Football in for a strange season

I normally never pay much attention to what is going on around me, but for some reason it seems like this year has brought more changes for the Bowling Green football team than in any of my previous three years at this school.

The first changes many will notice for our Sept. 11 home opener is the new scoreboard.

Now, I’m not so sure what the point of a new scoreboard is so it is time for a bit of speculation.

Judging from the team’s performance since switching to a spread offense, the best bet for a new scoreboard would be to add extra point slots, to allow score keepers to take the Falcons’ scores into the hundreds, and maybe even into the thousands.

The second noticeable change for the football team will be their new uniforms. From the looks of things, the uniforms have a more aero-dynamic look. While I’m not a rocket scientist by any means, I am nearly certain that this will allow for more team speed, causing wide receivers Charles Sharon and Cole Magner to be nothing more than a blurry blur and giving defensive lineman Mitchell Crossley a chance to be a cover corner.

The next, and possibly most dramatic, change in the football team is the absense of last year’s star quarterback Josh Harris.

Harris led the team to their first bowl victory in over a decade and to their first ever ranking.

While many fans may see this as a cause for concern, I see this as a chance for sophomore Omar Jacobs to prove himself.

In EA Sports’ NCAA Football 2005, I gave Jacobs a chance to prove himself and he did in prime time fashion.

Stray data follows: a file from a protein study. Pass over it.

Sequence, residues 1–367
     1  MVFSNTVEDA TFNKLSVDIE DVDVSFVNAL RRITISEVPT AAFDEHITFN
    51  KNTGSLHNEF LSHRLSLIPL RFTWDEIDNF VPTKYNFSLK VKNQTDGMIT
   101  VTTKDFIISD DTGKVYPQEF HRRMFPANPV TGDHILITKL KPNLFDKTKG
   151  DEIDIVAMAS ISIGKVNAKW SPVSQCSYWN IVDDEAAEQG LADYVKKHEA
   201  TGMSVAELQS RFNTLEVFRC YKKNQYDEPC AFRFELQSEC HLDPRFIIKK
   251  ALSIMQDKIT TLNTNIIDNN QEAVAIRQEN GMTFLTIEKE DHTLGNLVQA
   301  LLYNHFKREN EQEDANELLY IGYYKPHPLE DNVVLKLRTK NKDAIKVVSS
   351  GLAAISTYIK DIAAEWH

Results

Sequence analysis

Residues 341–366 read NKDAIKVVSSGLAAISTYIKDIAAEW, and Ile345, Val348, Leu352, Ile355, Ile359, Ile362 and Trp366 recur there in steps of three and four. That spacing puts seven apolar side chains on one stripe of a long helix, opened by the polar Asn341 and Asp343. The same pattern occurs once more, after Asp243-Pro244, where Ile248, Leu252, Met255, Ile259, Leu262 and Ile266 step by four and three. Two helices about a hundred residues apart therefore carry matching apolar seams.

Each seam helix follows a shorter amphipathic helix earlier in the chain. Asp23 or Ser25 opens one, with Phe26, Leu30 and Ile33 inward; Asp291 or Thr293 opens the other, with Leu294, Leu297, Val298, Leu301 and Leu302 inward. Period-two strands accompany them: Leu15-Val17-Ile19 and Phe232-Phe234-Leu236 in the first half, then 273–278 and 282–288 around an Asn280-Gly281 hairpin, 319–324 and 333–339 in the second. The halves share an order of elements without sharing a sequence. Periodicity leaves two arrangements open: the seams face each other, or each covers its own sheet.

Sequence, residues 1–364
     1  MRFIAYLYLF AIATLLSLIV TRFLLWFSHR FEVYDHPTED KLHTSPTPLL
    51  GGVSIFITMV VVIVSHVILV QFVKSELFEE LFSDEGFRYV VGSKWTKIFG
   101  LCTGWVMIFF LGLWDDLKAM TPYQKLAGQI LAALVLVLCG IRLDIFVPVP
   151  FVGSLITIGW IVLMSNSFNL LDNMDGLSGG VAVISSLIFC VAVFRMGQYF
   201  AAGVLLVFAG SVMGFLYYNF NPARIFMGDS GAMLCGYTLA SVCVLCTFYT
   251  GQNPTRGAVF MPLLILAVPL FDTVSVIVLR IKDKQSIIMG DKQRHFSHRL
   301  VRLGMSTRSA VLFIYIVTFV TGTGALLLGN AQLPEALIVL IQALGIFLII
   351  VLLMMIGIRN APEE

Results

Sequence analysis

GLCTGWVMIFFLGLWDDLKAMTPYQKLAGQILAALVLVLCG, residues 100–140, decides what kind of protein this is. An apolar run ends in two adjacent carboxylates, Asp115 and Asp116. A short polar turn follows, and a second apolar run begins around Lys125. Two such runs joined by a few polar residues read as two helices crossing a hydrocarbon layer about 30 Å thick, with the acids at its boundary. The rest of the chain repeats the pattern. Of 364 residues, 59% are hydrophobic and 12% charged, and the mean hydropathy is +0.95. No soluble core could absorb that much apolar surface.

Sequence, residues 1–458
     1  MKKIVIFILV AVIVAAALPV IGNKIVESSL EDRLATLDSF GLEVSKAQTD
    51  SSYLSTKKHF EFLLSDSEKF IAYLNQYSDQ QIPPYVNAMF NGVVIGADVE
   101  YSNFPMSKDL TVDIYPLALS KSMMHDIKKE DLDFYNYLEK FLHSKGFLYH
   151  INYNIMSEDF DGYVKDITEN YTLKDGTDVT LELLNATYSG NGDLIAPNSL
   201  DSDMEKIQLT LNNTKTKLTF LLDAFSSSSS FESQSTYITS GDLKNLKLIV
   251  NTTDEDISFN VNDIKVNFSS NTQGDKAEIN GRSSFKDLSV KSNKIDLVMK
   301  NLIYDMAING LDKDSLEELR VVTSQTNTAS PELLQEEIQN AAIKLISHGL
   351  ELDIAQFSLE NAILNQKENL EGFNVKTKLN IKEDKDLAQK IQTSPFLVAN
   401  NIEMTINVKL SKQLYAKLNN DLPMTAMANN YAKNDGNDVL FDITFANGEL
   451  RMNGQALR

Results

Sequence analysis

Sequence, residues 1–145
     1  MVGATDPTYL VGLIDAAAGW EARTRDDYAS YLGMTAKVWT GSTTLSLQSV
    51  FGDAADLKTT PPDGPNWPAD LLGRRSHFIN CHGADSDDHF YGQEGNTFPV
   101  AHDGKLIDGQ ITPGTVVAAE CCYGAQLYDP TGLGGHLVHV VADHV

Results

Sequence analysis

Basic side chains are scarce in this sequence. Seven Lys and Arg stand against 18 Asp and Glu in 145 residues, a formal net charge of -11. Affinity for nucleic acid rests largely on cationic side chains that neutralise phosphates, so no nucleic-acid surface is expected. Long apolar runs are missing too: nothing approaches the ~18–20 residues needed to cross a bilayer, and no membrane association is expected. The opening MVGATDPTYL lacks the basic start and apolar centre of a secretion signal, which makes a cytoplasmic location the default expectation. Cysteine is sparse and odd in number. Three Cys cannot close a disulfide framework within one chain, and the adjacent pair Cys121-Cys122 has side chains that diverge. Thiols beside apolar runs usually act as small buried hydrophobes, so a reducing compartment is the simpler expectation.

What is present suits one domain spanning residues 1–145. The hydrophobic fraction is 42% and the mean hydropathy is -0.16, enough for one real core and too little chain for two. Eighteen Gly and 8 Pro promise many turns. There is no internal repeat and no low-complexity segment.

If everything plays out in real life like it did in NCAA Football, then a Heisman Trophy is not out of the question for Jacobs, who unfortunately beat my monster linebacker alter ego out for the prestigious trophy en route to winning a national title for the Falcons.

And the same way things are changing, they are staying just the same.

Most noticeably, the Falcons receving corps is as strong as ever. One of the top receiving teams in the nation last year returns all of their receivers including Magner who finished with a team record 99 receptions last year and Charles Sharon, who finished with a team record for highlight reel plays (which isn’t a stat, but he had quite a few).

The team also returns much of their defense, which was one of the best in the Mid-American Conference. The Falcons lost defensive leaders Mitch Hewitt and Janssen Patton but return sack master Mitchell Crossley and tackle master Keon Newson.

When taking scoreboards, uniforms and NCAA Football into effect, this looks like a good year to be a Falcons’ fan.